By Alan Gionet
DENVER (CBS4)– “It’s nice to share my story,” said Vivian Rae.
But we talked about what a great day it will be when her conversations – her life – do not revolve around her cancer.
“I am a person. Although I’ve been hit with a disease like this, it doesn’t define who I am.”
No, it does not.
Vivian is a strong, unique person, not just a person dealing with cancer.
We are introducing people to you this month as I start a “No Shave November” campaign to raise money and awareness about cancer. Yeah, the beard is another day in development and I’m entertained by the emails with creative descriptions of it’s tangled beginnings. I’m the same guy on the inside, just hoping to be a little better to the world outside.
Vivian was a full-time supervisor at Target at 22 years old. She already had one little girl and a new baby boy. Nine months after the birth of her son the discovery hit hard in January of 2013.
“I had found a lump and monitored it for two or three months.”
Her mother had always talked to her about self-exams. Vivian was not going to let it go. It took doctors some time to figure it out, but after a diagnosis of Stage II breast cancer, she opted not just for removal of a lump, but a double mastectomy. It was a wise choice. They found more. But one of the hardest parts, was being a young mother.
“I wasn’t allowed to lift anything more than five or 10 pounds. That meant I couldn’t even pick him up and hold him.”
She remembers just lying in bed next to her son heartbroken she could not lift and hold him.
The treatments were hard but started to work. She would beat it back and get word there was no sign of it anymore. She spent two years without a cancer diagnosis. Two years to be with her children without it hanging over her. Then it came storming back in 2015. There was a lump on her chest wall. That wasn’t all.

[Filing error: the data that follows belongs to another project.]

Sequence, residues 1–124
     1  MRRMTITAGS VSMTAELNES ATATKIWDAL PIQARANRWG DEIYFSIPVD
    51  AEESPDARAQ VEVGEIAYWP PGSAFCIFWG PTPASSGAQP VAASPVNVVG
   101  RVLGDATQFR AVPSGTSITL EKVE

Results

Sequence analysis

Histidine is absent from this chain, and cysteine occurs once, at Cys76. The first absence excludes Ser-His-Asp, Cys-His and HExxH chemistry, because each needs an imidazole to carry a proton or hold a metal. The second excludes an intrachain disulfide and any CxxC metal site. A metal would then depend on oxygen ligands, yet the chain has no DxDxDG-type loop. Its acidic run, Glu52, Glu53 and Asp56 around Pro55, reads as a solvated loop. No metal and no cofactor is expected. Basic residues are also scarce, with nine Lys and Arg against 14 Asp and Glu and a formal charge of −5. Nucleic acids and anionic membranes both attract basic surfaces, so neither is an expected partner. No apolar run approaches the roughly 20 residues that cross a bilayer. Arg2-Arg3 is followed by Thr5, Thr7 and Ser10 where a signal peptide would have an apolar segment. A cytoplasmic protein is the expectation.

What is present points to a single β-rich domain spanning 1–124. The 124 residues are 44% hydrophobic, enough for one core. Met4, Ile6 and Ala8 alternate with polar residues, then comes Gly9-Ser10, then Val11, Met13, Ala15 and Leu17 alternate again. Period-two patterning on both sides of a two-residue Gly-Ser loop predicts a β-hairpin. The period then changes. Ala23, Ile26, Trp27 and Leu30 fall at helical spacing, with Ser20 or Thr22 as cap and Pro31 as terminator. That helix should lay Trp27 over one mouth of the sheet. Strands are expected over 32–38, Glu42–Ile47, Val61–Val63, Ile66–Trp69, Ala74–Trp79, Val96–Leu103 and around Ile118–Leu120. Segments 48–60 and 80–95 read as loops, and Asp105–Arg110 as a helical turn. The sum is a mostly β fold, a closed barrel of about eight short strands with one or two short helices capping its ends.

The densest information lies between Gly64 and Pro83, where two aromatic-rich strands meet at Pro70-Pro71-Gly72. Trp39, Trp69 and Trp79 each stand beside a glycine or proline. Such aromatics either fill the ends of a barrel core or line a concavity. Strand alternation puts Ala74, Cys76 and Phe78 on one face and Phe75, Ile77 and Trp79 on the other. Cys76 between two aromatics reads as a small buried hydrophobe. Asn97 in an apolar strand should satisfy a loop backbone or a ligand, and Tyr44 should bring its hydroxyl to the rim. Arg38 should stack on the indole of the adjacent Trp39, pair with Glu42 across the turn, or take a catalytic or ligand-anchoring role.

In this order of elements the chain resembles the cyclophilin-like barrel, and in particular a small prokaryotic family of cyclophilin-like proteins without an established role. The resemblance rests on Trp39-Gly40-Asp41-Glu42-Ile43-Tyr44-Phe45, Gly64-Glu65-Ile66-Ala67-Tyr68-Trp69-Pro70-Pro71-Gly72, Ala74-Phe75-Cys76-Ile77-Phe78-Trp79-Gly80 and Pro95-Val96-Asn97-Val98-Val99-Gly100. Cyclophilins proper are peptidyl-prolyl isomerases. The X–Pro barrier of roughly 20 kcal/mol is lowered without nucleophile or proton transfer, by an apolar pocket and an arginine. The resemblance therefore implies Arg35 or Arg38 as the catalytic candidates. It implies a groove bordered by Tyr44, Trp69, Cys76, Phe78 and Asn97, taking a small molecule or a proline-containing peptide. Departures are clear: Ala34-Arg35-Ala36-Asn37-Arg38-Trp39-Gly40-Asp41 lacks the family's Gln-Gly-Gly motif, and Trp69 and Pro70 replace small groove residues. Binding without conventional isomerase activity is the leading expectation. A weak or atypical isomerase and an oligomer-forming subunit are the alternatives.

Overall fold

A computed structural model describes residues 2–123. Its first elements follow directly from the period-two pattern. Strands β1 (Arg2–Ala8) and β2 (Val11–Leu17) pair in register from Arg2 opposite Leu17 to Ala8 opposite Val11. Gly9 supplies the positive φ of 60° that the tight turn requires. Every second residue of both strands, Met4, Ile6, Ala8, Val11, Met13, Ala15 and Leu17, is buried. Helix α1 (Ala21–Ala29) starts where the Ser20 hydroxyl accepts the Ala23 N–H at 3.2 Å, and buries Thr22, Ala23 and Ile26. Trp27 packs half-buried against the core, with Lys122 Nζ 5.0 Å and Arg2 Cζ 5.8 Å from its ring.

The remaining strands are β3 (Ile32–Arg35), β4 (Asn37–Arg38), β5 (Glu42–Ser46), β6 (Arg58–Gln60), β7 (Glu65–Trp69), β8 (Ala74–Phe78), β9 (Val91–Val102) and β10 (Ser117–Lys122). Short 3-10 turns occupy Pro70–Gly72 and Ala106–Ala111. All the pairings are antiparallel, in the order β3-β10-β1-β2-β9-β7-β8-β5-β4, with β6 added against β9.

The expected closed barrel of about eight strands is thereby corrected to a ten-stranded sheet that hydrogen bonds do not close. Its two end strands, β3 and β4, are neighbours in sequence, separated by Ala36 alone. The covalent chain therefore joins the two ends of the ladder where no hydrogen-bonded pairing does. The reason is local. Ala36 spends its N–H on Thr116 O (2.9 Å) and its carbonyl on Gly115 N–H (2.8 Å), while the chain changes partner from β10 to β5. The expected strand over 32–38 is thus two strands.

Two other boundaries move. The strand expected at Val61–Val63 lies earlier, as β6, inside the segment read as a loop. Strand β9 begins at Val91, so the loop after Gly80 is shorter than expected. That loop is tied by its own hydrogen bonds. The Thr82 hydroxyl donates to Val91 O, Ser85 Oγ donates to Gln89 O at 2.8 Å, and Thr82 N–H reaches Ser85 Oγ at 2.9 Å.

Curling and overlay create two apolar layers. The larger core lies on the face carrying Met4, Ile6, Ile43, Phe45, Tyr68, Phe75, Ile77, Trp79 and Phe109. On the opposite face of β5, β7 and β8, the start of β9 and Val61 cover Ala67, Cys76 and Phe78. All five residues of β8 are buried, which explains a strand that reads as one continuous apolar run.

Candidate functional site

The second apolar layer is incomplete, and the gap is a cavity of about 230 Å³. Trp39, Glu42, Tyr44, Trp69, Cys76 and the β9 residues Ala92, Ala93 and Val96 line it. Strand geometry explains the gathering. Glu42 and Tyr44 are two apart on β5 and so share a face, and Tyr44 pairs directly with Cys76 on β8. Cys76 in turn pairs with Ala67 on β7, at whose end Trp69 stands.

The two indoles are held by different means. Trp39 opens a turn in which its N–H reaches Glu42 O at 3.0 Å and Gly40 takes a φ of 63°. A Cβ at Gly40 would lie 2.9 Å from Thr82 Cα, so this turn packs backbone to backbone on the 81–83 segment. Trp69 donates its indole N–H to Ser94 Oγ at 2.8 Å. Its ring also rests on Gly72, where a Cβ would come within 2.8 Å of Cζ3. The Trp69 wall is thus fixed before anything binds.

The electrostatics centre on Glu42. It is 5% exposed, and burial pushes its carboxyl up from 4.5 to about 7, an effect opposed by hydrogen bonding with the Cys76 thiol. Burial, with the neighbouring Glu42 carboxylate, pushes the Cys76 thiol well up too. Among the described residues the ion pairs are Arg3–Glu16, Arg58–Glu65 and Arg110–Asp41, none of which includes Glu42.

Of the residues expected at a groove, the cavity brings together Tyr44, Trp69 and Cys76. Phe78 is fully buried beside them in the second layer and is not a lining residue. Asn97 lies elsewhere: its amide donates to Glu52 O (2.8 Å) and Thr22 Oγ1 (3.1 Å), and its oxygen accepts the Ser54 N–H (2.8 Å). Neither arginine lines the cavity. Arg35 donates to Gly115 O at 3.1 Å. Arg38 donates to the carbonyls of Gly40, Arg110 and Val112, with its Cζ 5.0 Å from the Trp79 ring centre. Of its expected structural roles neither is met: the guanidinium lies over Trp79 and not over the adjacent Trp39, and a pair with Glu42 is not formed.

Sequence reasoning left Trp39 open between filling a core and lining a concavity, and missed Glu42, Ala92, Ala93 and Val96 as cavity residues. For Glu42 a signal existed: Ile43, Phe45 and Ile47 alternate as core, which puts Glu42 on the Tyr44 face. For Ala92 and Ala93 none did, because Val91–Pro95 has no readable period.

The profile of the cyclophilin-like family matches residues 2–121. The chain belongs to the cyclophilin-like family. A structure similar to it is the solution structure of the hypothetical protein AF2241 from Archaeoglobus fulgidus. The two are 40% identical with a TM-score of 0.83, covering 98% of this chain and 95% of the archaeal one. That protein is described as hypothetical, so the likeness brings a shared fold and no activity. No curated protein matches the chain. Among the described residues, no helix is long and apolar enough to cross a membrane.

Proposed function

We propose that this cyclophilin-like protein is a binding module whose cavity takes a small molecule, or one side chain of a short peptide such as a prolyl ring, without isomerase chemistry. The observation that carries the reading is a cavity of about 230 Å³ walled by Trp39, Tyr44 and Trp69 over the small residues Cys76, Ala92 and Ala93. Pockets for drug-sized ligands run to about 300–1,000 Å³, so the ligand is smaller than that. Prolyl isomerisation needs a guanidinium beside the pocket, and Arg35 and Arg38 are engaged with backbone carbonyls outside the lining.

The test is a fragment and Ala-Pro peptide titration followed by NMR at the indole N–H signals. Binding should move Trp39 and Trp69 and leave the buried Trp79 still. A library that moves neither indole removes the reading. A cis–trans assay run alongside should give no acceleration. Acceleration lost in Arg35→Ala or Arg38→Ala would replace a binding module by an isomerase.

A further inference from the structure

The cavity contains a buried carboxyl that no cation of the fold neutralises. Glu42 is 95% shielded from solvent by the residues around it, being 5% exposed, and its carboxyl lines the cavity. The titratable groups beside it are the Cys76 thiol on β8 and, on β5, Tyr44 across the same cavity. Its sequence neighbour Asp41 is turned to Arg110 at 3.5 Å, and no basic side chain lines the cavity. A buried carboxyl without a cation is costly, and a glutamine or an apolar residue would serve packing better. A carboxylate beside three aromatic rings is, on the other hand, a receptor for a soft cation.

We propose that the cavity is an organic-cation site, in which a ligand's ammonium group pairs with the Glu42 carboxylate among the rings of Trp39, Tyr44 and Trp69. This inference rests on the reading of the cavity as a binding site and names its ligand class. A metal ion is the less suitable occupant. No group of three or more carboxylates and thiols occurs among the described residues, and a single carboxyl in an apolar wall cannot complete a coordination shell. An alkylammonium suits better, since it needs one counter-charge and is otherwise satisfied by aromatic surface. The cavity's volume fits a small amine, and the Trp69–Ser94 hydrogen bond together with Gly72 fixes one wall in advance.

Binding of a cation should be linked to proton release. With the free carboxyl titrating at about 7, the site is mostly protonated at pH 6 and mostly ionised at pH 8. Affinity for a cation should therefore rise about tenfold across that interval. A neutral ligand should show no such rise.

“It was in my bones throughout my entire body.”
This time they’re treating it with Taxol after another treatment stopped it from growing, but wasn’t killing it. She’s lost her hair and tries wigs. Sometimes she’ll share a picture without one.
“Just because I don’t have hair, it doesn’t have anything to do with defining me.”
She’s unable to work right now and trying to play as big a role in the lives of her daughter and son as possible. Her little girl is eight and taking violin lessons. Her son is five. He’s practicing basketball.
She’s on Medicaid but is, “sitting on a pile of bills.”
It’s another source of stress for someone who doesn’t need it.
Vivian is not a cancer victim. She’s a cancer survivor. She’s an honest, decent person and a mother who loves her children like no one else. She was robbed of her health and hit with fear. But it’s not who she is. I’m thrilled to have met her, it made my life better.
Vivian’s medical bills are an awful deal but she has a GoFundMe page to help.
Here’s a link to my No Shave November page as we raise money and awareness about cancer. I hate cancer. It killed my brother and my mother and father. Let’s get rid of it once and for all.